Turkey train crash claims six lives

Two trains including an inter-city express train crashed head-on in western Turkey, killing six people and injuring 100, military police said.

    More than a hundred people were injured in Wednesday's crash

    The accident occurred late afternoon in the north-western province of Kocaeli, around 60 km from Turkey's largest city Istanbul and not far from the site of another crash last month that killed 39 people.

    Television pictures showed police, troops and ambulance workers clambering over crumpled carriages and using power tools to try to free survivors from the wreckage.

    At least one injured passenger was carried away on a stretcher. Others sat by the track holding bandages to head wounds.

    One of the trains was an express from Ankara to Istanbul and the other was travelling from Istanbul to the town of Adapazari.

    Anatolian said 171 passengers and nine staff were on the express train. Numbers on the other train were unclear.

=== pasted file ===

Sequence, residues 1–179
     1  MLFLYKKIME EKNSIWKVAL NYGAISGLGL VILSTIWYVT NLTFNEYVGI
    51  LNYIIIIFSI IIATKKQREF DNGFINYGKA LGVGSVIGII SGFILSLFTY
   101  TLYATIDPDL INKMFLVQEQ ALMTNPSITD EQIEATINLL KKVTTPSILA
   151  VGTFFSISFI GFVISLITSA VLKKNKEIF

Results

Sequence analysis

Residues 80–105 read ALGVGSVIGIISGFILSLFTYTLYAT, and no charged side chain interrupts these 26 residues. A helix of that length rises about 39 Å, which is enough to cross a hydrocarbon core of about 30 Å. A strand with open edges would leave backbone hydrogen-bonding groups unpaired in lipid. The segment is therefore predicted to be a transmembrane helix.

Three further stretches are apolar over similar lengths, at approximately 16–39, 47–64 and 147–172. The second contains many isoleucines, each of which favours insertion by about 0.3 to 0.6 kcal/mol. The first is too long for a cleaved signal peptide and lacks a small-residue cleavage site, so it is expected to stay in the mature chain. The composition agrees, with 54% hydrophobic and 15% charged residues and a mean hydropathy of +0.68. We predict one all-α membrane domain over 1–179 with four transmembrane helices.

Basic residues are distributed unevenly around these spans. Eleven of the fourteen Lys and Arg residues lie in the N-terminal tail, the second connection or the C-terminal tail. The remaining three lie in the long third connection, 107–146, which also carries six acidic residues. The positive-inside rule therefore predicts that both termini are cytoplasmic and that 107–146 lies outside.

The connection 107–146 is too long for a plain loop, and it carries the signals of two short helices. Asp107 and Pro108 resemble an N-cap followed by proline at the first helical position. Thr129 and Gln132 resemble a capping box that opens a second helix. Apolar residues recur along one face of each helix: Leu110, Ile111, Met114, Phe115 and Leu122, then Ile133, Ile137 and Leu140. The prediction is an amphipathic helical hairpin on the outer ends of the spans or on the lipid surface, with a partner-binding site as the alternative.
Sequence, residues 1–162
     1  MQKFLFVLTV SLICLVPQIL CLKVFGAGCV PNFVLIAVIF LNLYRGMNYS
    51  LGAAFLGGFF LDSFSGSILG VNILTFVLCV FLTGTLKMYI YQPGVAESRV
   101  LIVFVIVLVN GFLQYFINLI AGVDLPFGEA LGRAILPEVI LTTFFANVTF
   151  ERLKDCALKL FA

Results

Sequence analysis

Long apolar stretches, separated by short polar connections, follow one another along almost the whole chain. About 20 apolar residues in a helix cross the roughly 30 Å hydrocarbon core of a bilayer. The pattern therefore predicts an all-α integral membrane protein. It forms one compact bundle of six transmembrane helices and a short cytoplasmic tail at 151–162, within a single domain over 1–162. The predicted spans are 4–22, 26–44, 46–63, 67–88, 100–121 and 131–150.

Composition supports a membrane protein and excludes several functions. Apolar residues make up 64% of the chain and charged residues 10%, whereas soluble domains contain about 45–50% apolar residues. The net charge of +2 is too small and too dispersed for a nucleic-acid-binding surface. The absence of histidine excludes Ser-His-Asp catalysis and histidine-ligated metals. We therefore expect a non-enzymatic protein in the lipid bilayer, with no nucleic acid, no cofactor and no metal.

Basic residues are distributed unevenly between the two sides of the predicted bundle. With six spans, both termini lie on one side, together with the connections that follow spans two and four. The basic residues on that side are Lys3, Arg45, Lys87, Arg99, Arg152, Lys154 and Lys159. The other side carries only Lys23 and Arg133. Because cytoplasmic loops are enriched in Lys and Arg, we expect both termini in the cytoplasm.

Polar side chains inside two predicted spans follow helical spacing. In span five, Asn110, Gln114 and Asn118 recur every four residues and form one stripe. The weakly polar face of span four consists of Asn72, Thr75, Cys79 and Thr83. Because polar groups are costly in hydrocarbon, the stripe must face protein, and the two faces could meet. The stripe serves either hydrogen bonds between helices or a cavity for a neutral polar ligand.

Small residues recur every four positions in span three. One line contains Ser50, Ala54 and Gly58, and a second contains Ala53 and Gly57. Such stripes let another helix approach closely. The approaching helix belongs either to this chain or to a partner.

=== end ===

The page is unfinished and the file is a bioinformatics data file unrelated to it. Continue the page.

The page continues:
A highway official told Reuters the Istanbul-Adapazari train suffered the worst of the head-on crash, with four of its carriages damaged and one lying on its side. One of the
    carriages in the Ankara-Istanbul train was damaged.

    Witnesses speaking on Turkish television said there were many casualties in the front carriages of both trains.

    Speed limit

    Three weeks ago a train disaster in
    Turkey left 80 people injured

    NTV television quoted a local hospital as saying it had admitted 19 injured so far.

    A senior Transport Ministry official said it appeared one of the trains had run through a red light.

    Thirty-nine people were killed less than three weeks ago when another Ankara-Istanbul express, inaugurated in early June as a fast new link between the political capital and Turkey's economic hub, crashed in a similar area.

    Officials said initial findings of an independent investigation into that crash indicated the train had been going faster than the official speed limit of 80 km per hour.

    SOURCE: Reuters


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